Tomatoes are an abundantly producing summer vegetable. As an annual plant, tomatoes must be replanted each year. The red fruits are used in a variety of ways, from raw tomatoes in salads to canned tomato sauce for pasta and other dishes. Proper cultivation of tomato plants prevents disease and ensures the continued health of the plant throughout the summer and into early fall. This results in healthy fruit and a bountiful harvest that begins in mid-summer and continues to the first frost.
Plant tomato seedlings in full-sun garden beds that drain well and aren't prone to standing water. Work in 1 to 2 pounds of 10-10-10 analysis fertilizer per 100 square feet of bed prior to planting.
Trim off the lower set of leaves on the tomato seedling before transplanting. Plant the tomato so that the trimmed off area is beneath soil level, as this encourages further root growth and a strong plant.
Dissolve 1 tbsp. of 5-10-5 fertilizer in a gallon of water and pour 1 cup of this solution at the base of each plant immediately after planting. Using a starter fertilizer encourages healthy growth and the water collapses air pockets around the roots which aids in water and nutrient uptake.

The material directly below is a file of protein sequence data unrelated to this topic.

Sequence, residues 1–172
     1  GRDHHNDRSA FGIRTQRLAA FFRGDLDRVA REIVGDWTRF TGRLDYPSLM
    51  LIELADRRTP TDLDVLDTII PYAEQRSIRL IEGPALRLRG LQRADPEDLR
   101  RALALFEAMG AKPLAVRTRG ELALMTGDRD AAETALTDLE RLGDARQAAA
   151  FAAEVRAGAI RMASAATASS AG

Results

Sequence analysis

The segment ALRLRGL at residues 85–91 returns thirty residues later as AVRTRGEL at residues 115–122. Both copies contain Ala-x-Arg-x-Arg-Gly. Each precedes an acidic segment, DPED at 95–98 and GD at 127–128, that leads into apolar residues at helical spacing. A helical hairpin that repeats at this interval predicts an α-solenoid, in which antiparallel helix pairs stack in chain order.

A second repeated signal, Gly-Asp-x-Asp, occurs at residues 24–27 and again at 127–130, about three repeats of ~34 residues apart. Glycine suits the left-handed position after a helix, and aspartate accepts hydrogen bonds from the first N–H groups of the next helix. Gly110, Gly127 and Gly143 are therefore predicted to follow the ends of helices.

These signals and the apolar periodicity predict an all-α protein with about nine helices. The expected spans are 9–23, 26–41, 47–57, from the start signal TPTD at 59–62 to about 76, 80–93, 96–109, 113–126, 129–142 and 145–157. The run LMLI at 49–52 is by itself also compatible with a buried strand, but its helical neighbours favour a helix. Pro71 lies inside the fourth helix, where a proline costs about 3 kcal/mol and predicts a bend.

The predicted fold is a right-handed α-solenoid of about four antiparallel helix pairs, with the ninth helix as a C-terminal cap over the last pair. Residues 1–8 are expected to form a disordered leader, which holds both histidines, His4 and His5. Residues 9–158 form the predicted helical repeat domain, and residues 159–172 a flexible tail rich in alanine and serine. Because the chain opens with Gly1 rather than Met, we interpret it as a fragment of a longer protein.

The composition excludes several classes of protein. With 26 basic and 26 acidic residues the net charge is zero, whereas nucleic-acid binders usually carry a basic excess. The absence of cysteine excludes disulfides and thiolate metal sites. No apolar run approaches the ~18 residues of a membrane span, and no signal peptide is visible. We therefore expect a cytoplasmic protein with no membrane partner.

Install a 6-foot-tall stake behind each plant immediately after planting to provide support to the plant as it grows. Tie the central stem of the tomato to the stake every 8 inches as it continues to grow, using cloth or plastic plant ties.
Apply a 3-inch layer of bark or straw mulch over the garden bed and around the tomato plants. Mulching preserves soil moisture and prevents weed growth in the garden bed.
Water the plants once a week, providing 1 to 2 inches of water per plant. Water at the base of the plants and avoid spraying the leaves with moisture, as this can lead to disease or fungus.
Check the undersides of leaves for aphids and other insect infestation at least once a week. Rinse off aphids with a sharp spray of water or use insecticidal soaps for aphid and other infestations.